English Feature #7-35279 Broadcast September 17, 2001

Wherever people gather in Washington and its suburbs, the topic of conversation is last Tuesday's attack on the World Trade Center and the Pentagon. Tayuddin Aria, a forty-year-old native of Lagos with traces of ritual scars on his face, spoke for three Nigerians gathered next to a row of taxicabs in front of one of Washington's busy hotels.

"Shocked and devastated. I couldn't believe this could happen. You know, it could happen only in a movie. But for it to actually happen! It scared me, and it's a terrible shock and a terrible tragedy."

Nevertheless, Mr. Aria - who came to the United States ten years ago --does not feel that his life will change as a result of the attacks.

"I feel secure in this country, because I know they can handle it, the people, the government, they can do it. You know, we're gonna be protected. So it was a shock, it scared us, but still, I think the security is okay."

A colleague of Mr. Aria's, another taxi driver from Nigeria who would identify himself only as a "man of the world", chimed in to say that the country's security might even improve as a result of the terrorist attacks.

"From now on, we should feel more secure, because we know now that we're vulnerable, and we have to do everything to prevent this from happening again."

Dr. James Babalola, a doctor of forensic medicine originally from Lagos, Nigeria, who joined his friends the cabdrivers at the taxi stand, also felt that America would withstand the shock of the events of last Tuesday.

"I think America will remain strong, they can't destroy the foundation of America. The social fabric of this country is great. What they did was alter our physical structure. Nothing has changed about our psychological makeup. We're still the same people that we are. America is strong and bold."

Two people staff a well-known Middle-Eastern sweet shop on the outskirts of Washington, the Samadi café. A Bolivian who came to this country five years ago is in charge of the many trays of middle-eastern delicacies. Thirty-nine year old Adhemar Severich says his faith in the United States remains unshaken.

"I think this country is the best in the world. The government thinks about the people, [whether they are] citizens or immigrants. In this country people have the guarantee. This country is the best [laughs]."

Mr. Severiche's assistant in the sweet shop, twenty-eight-year-old Abbas Al Ahmad, immigrated from Lebanon only six months ago.

"I am coming here to work, and I come from my country because in my country you have a war sometime. The people is dead in my country. I am coming to America because life is good, the people are good, there is no war - and now, what happened, I don't know. Why? It's a big country here, why did this problem happen? My feelings are very miserable now."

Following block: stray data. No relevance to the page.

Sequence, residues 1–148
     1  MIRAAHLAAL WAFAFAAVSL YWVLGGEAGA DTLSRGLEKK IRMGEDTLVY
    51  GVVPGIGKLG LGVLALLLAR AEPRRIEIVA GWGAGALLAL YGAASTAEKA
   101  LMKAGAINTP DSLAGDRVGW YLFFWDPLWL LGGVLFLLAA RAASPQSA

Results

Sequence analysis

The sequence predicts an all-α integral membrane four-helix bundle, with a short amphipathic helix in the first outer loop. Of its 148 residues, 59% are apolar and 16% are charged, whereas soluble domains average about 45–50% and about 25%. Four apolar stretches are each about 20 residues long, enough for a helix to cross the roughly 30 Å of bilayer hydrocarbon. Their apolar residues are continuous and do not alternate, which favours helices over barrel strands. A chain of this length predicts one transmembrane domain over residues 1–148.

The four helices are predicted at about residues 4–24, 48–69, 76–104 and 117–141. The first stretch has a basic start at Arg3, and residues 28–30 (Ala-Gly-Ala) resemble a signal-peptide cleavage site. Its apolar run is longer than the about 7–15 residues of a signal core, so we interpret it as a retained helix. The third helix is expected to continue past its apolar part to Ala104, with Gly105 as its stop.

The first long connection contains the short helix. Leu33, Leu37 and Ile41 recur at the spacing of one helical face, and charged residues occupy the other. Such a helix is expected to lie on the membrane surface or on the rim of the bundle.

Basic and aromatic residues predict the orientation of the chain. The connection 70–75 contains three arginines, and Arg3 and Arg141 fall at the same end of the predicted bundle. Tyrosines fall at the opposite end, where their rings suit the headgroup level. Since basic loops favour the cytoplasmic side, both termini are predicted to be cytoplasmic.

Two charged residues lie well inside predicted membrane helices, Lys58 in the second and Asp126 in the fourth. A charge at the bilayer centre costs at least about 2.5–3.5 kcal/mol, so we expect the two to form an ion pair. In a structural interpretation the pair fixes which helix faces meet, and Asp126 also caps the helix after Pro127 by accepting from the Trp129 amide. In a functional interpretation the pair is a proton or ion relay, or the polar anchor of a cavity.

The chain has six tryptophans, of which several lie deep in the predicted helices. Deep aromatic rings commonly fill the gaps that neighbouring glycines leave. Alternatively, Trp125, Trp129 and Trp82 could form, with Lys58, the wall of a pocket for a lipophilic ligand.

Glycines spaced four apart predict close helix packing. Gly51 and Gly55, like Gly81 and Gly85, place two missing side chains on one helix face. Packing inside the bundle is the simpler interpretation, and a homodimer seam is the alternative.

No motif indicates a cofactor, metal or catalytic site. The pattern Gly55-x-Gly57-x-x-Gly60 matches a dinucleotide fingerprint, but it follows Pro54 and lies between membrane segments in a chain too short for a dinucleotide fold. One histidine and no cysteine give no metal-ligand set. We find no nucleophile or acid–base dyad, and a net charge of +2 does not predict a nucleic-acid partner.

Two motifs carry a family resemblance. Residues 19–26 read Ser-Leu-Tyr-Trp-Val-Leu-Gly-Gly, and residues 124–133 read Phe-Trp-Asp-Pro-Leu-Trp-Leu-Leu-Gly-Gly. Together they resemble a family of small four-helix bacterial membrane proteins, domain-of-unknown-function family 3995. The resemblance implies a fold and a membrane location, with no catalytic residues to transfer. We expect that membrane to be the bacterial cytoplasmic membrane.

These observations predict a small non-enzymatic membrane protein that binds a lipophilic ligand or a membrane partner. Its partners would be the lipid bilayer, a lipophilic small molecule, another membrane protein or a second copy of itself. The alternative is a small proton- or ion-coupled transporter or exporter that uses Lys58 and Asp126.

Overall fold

Baktash Agram, a 20-yr-old student of finance at Northern Virginia Community College, was born in the United States just after his parents fled here from Afghanistan. He grew up speaking Farsi in a traditional Afghan household. But last Tuesday, neither he nor his parents had any doubts as to where their sympathies lay.

"I felt, you know, the attack was unjust, I thought, you know, my loyalty wasn't misplaced, it was with America from the very beginning. Given that my parents are from Afghanistan, they support Americans the whole way."

The young man is concerned, however, that as a result of the terrorist attack Americans might begin to look askance at all Middle Easteners. He thinks that he can already sense a change in how people react to him.

"Most stores that I go out to, I just notice that people give me second glances, being more careful of, you know, their perception of who I am, where I come from, what exactly I'm thinking."

Twenty-year-old Elal Tahele, another student at Northern Virginia Community College, immigrated to the United States from the United Arab Emirates just three months ago. Ms. Tahele was born and raised in Abu Dhabi by parents who resettled there from Eritrea. For her, the events of last Tuesday were an eerie echo of the situation she had grown up with in the Middle East.

"Oh, my God, this can't be happening. It was horrible. Like so many people died. Because I was hearing about all this war and everything back in the Middle East, and now coming here, and this happening, and innocent people dying, it's just horrible."

Despite everything, Elal Tahele has no qualms about choosing to come to the United States to live.

"I like America, you know, the people, the life. I mean, you know, they don't call this the "land of the free" for nothing. I just love America. I like everything about it here. Everything. I feel that it's my home, although I've been here for three months."

Next week on this program we'll visit one of the Muslim schools in the Washington area where immigrants from the Middle East send their children.